Sponsorship of content was relatively under-supported among both Visitors and Nonvisitors, suggesting that this option would require some particular marketing development, such as in communicating its perceived benefits, and likely cost.

Contributing content to the site was also popular, and then mostly in the form of text (Table 12, p. 28). This did not, however, predict intention to visit the site. It appeared that simply visiting the site in the past was related to an interest in contributing content.

A mix of personal and altruistic motivations appeared to guide these means of being involved with the site (Table 11, p. 26). Respondents tended to indicate that making contributions would be both personally rewarding, and good for Smith Street in general. When adding outcomes for a personal business, about 3/4 of respondents indicated some form of personal benefit.

Clearly, then, there are a variety of workable options for encouraging involvement with the site, in both financial and content-related terms. Personal benefits in making these contributions were indicated as important to promote, together with benefits to Smith Street in general.

4. Creative ideas; 5. Desired development of the site

The site had multiple values for respondents, spanning community, business, arts, political and historical interests. The desired developments of the site were, accordingly, diverse. This ranged from a relatively simple suggestion to better reflect Smith Street's vibrancy in the design of the site, to developing some form of network among local traders.

As visitor-numbers grow, therefore, it can be expected that a rather exponential increase in the diversity of interests - and disinterests - will occur. It is, accordingly, suggested by the data that the site should remain dynamic in objectives and content, planning for multiple interests, maintaining flexibility, and performing multiple functions.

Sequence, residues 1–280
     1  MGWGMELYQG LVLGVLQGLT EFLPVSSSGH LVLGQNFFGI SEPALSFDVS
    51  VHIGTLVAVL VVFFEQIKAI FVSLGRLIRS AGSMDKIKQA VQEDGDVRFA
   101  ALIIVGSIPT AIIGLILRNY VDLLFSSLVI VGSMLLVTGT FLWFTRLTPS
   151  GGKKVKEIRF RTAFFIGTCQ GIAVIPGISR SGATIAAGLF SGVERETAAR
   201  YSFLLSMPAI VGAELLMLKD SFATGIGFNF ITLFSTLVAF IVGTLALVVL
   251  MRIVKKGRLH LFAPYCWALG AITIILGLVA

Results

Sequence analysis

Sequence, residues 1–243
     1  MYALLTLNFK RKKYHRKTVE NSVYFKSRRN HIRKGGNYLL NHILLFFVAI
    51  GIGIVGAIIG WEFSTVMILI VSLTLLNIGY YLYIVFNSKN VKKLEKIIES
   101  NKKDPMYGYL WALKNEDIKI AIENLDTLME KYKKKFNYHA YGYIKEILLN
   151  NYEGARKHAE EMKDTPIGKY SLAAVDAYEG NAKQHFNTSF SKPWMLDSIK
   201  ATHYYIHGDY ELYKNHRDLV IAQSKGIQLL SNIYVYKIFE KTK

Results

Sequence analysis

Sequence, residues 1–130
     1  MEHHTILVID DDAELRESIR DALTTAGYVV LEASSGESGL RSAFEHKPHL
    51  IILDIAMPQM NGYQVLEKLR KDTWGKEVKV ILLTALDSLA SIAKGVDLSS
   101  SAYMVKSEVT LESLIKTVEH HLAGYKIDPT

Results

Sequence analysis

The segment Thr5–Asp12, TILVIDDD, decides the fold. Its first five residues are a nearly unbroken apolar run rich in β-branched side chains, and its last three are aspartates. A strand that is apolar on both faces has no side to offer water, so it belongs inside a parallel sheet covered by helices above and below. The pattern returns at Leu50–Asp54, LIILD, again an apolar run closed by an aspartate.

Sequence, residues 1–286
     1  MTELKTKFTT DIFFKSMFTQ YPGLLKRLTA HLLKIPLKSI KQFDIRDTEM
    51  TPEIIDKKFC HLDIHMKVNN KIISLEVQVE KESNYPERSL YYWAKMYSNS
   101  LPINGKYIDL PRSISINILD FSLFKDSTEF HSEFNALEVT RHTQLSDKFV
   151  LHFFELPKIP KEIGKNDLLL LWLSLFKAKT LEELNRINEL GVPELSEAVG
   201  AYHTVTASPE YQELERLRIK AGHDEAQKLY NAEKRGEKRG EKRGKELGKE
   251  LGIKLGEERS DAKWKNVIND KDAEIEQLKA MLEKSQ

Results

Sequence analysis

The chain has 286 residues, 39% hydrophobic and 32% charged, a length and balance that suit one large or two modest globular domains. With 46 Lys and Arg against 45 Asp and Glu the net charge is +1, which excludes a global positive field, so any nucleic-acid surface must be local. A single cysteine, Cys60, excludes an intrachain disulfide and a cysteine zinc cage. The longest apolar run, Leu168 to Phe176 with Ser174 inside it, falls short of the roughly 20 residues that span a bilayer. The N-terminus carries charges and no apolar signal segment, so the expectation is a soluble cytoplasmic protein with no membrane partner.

6. Barriers to using the site

The most significant factor in becoming involved appeared to be knowing about the concept behind the site (Table 10, p. 24). Time was nevertheless a relatively strong factor, and cost and mutual involvement were not negligible.

In developing communication strategies to increase awareness of, and visitation and contribution to, the site, it was, therefore, indicated to be important to raise information content about the concept behind the site. The degree of endorsement of this interest indicates that it was not adequately satisfied by current communications. In promotional material, in word-of-mouth communications, and homepage content, for instance, it appears to be important to further outline the site's objectives, achievements, and target audiences. The challenge here is to succinctly communicate the site's objectives, while also being able to appeal to diverse interests among potential and current visitors.

7. Intention to visit and be involved with the site

Visitors were somewhat more likely to indicate that they would be unlikely to visit the site for information than were those who had not visited the site (39% vs. 24%). This suggests that, among the Visitors, were a sizeable proportion who had not visited the site in the past, i.e. prior to undertaking the survey. This is also indicated by the difference between Visitors and Non-visitors here being about the same proportion as those Visitors who had heard about the site only on the basis of the survey itself (12%) (Table 2, p. 12).

However, this finding, together with that of past visitation not predicting future visitation, suggests that it is important to develop strategies to maintain interest in the site. Promoting awareness of the site in order to encourage visitation did not appear to secure a long-term interest in the site. Offering means to contribute to the site also did not appear to be directly relevant to maintaining interest. It was more important, it seems, to clearly articulate the objectives of the site. While appeals to those who saw themselves as community-minded was key to reaching those with a potential long-term interest in visiting the site, it also appeared that this was an heterogeneous group with a variety of needs. In this sense, promoting the site might be profitably restricted in focus to those for whom community-mindedness is important, but the content being delivered, and the means of delivery, clearly had to efficiently satisfy multiple interests and styles.